Blaming cyber attacks on governments has become routine, but has it resulted in accountability, punishment, or reduction in hostile cyber activities?
In the ongoing cyber tete-a-tete between nation states, the digital domain has been used to conduct an array of operations including network exploitation, data theft, network disruption, and network destruction. Additionally, states have used the cyber domain and the tools therein (e.g., social media, chat rooms, bulletin boards, blogs) to enable other more traditional operations of statecraft such as propaganda, disinformation, and social/political influence operations. Long considered difficult to attribute, governments are more confident in publicly identifying the states they believe are responsible for covert cyber activities against them. In an effort to strengthen such claims, levying legal indictments against the individuals responsible—often foreign nationals with a direct tie to a government or a military—has become popular. The United States in particular has engaged in this practice, executing indictments for cyber activities since 2014 against state actors with direct or tangential ties to foreign governments.
The tactic seemed practical at first, bringing formal charges against suspected government actors, and by extension, implicating that government for supporting, or at least, giving tacit approval of, the activities. The May 2014 indictment against five actors tied to the People’s Liberation Army appears to have had direct influence in China and the United States agreeing not to not to hack each other for commercial advantage in 2015. For a brief period after, this seemed to work with a noticeable reduction in the volume of Chinese theft of intellectual property. However, this was short lived with China allegedly resuming normal level of cyber operations in 2018.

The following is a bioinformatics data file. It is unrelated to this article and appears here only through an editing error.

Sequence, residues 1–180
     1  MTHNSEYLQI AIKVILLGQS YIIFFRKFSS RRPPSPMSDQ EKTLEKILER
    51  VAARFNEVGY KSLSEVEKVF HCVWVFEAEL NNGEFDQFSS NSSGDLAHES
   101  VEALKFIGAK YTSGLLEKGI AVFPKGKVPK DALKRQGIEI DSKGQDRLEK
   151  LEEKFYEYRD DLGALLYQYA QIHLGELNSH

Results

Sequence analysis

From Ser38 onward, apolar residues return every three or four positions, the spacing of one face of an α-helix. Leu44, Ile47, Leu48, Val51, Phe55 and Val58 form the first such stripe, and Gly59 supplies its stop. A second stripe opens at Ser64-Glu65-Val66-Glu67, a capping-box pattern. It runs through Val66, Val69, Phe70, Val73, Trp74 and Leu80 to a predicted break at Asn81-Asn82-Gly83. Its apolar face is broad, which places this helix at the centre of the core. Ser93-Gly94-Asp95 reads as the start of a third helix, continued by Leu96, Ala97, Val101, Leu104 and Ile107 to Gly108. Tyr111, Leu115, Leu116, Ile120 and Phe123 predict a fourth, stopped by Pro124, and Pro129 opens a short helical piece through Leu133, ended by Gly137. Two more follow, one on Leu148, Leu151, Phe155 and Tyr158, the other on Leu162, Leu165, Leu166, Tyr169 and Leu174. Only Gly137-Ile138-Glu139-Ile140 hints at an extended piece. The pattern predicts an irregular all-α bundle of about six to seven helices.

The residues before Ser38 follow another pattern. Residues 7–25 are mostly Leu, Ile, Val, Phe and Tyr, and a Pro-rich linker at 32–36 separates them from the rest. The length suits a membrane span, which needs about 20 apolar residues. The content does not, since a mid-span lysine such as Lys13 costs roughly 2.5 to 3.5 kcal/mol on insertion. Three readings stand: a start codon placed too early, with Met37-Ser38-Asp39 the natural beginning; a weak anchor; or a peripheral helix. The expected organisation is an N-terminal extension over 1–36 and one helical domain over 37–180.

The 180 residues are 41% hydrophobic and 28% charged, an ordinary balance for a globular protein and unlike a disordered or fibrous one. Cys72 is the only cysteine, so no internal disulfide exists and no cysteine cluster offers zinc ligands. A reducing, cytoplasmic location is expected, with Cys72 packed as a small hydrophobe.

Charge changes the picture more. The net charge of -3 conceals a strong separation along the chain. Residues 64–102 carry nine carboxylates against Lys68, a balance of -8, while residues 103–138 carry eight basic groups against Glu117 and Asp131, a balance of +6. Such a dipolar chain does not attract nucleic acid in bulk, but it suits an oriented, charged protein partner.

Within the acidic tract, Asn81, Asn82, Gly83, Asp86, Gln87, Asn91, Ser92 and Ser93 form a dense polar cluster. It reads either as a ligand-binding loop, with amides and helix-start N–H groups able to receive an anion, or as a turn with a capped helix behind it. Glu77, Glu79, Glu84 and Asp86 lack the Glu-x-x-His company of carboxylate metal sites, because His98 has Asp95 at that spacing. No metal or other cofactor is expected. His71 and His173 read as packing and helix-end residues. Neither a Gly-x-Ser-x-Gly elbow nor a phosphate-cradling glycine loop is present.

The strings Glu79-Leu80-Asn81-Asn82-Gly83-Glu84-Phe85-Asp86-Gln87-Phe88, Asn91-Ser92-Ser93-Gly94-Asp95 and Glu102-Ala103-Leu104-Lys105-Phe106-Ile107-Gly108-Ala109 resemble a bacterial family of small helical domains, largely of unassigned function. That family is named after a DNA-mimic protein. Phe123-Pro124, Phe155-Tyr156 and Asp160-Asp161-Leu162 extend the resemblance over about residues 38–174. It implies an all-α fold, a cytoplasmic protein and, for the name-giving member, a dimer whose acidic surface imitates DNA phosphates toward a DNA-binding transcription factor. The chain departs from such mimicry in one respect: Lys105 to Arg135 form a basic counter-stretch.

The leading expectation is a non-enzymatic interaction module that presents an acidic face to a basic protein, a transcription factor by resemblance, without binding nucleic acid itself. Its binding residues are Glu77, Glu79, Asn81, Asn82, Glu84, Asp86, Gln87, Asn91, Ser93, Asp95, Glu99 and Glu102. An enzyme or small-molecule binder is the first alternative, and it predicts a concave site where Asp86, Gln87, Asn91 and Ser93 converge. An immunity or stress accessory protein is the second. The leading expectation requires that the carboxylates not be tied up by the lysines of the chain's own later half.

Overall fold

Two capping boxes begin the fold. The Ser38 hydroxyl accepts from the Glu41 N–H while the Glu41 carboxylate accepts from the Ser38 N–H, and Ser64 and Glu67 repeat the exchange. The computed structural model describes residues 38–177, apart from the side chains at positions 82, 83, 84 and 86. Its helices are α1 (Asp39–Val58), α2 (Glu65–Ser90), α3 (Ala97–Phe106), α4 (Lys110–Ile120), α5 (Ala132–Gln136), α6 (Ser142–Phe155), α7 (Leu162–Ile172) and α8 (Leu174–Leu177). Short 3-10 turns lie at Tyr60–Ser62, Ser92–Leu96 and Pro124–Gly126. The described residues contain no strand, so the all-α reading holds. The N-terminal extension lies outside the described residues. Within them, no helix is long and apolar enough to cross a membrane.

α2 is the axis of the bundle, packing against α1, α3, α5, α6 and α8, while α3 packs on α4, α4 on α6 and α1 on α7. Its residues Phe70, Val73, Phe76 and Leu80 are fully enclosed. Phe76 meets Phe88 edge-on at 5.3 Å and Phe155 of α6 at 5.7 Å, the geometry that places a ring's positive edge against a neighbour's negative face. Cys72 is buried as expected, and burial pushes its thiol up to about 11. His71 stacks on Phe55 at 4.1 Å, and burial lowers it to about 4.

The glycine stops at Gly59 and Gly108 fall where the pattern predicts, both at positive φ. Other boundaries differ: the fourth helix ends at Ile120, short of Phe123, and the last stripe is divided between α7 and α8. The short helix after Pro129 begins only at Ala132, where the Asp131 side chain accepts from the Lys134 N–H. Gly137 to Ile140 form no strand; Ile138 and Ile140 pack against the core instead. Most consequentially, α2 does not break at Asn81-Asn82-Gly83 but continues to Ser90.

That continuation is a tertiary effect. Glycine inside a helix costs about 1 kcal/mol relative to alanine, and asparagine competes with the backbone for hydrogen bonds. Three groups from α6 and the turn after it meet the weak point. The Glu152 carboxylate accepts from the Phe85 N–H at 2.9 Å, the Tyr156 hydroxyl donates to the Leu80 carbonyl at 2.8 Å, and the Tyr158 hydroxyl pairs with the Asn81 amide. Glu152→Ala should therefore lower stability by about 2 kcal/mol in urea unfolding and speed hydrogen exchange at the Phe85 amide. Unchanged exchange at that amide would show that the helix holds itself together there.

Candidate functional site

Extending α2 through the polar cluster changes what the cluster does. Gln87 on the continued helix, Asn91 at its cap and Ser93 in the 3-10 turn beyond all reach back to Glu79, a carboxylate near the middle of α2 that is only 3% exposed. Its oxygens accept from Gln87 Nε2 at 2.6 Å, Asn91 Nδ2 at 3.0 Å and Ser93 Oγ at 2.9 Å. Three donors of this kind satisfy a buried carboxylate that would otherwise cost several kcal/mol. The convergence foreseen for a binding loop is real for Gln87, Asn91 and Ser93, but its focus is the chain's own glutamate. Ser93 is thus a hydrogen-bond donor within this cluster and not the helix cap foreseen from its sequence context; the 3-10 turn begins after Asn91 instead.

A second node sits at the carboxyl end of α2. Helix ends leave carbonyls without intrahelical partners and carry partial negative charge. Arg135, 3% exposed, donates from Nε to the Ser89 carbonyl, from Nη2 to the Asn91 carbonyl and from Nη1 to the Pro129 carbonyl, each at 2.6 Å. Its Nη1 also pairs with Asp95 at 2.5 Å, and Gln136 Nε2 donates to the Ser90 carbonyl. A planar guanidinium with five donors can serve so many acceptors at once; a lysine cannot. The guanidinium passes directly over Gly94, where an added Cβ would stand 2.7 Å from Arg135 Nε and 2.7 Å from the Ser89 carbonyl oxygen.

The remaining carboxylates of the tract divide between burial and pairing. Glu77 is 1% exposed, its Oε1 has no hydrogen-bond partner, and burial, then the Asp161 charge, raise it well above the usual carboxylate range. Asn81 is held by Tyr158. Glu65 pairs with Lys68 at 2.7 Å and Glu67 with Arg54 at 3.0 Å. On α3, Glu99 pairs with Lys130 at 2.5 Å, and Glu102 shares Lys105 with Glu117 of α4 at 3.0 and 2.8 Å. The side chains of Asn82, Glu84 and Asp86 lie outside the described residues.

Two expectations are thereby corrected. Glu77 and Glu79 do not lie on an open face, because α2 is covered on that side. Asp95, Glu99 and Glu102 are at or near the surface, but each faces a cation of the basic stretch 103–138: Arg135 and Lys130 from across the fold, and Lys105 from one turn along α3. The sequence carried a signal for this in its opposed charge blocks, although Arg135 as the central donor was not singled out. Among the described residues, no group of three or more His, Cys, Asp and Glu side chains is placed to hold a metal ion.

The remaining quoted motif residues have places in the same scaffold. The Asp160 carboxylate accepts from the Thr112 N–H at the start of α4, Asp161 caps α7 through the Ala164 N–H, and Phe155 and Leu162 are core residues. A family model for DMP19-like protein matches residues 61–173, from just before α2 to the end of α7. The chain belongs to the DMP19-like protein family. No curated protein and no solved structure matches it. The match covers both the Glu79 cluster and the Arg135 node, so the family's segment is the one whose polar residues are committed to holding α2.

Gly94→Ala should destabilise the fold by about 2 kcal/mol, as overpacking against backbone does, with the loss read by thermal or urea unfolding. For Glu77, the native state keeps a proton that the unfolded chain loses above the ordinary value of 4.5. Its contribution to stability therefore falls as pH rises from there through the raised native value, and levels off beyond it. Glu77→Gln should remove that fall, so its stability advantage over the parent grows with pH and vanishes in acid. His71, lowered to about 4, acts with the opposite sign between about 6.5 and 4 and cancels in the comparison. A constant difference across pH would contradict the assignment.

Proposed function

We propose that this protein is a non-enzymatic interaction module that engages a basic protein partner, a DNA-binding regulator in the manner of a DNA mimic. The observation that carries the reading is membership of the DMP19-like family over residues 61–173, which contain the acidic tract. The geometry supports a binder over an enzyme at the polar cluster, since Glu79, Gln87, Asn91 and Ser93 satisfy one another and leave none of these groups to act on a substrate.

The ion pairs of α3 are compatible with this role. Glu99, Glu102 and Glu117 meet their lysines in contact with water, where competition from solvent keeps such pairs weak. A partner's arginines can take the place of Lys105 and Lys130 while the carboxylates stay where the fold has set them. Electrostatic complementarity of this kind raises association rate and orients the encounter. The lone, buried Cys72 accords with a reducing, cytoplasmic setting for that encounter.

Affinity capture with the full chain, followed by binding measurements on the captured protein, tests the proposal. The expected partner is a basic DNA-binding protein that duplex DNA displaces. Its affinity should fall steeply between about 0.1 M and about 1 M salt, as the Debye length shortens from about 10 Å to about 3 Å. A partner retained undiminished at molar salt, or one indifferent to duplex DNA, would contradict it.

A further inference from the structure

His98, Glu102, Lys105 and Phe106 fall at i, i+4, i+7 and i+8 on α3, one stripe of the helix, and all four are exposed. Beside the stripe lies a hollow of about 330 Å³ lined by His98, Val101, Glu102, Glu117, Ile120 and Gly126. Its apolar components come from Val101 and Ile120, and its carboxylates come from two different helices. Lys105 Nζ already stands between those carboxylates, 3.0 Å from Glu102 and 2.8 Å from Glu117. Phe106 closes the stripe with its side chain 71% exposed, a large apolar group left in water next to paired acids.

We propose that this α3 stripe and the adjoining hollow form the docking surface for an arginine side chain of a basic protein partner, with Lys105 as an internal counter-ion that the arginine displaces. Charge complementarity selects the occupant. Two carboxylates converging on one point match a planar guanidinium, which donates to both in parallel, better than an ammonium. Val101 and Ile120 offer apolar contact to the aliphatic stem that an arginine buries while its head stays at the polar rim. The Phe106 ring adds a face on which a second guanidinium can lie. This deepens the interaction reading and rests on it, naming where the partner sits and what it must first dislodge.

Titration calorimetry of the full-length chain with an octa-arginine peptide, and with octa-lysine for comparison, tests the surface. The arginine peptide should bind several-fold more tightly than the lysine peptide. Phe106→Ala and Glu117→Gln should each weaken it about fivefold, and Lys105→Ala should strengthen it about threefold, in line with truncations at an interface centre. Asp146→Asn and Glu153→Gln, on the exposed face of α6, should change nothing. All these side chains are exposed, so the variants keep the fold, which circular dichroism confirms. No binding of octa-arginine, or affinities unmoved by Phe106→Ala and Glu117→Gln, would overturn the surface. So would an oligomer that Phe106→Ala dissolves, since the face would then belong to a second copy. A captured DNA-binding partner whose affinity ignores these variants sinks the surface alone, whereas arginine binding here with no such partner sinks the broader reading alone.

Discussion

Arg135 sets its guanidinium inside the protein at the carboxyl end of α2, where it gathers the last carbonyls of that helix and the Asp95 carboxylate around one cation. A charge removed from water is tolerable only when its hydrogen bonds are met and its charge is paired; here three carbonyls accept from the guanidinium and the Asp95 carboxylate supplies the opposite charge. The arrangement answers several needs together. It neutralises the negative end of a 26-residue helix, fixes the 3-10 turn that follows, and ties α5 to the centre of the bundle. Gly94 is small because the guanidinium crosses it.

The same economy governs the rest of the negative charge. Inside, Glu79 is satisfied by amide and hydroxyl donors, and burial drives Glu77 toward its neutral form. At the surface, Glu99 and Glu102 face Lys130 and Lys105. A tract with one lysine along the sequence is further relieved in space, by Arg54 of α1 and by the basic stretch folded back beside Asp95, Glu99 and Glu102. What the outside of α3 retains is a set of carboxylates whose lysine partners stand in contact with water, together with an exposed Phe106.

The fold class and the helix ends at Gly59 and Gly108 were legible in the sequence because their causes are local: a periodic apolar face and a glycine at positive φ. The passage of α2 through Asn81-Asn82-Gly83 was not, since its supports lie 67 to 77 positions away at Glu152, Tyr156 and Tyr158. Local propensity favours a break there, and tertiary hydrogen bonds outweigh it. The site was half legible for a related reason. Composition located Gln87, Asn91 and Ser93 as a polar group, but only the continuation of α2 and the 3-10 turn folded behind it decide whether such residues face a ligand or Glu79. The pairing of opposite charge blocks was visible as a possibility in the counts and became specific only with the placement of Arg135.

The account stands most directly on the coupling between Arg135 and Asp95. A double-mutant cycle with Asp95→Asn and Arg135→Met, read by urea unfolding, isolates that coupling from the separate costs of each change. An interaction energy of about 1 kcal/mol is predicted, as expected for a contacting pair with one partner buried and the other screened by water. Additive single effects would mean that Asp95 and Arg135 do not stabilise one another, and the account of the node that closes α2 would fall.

Still, proponents of the indictment strategy have pointed out that an important gain was made—persuading China to curb its previous levels of data theft; in essence, the indictment appeared to have influenced a state’s cyber behavior. While it did not last, it could be argued that even the momentary success suggested that the approach was viable and just needed adjustment for to accomplish strategic deterrence. After all, shortly after the 2014 China-U.S. agreement was made, China entered into similar understanding with Russia in 2015, and ultimately led the G20 (including China) to make a comparable arrangement in November 2015. Many G20 nations were among those that China had also targeted via its global cyber espionage and intellectual property theft operations.
Unsurprisingly, these agreements have not deterred commercial cyber theft, nor more traditional cyber espionage activities, particularly from China that likely views industrial cyber theft a national security imperative for the country’s continued economic development. As long as China sees economic strength as essential to its emergence as a global leader, supporting Chinese companies that are important to accomplishing this goal could be perceived as less about commercial advantage and more about preserving its national interests. This is an important nuance to keep in mind when understanding why China continues to do what it does. Countries finally began to see the futility in trying to make certain countries like China honor these agreements in 2019 when 27 governments signed a joint statement to advance responsible state behavior in cyberspace. Notably, neither China nor Russia were signatories.
Where diplomatic overtures have thus failed, the U.S. has resorted to indictments and has since levied them against official and non-official actors linked to Iran, North Korea, and Russia. As of this writing, these indictments have not yielded the obvious objective—state deterrence from conducting the crimes for which they have been charged. However, this raises the hopeful question—if deterrence wasn’t the primary objective, have indictments achieved what was truly intended? Certainly, indictments could be foils used to further other U.S. political or economic objectives. If so, their influence may not be readily seen as instrumental to achieving seemingly unrelated strategic goals.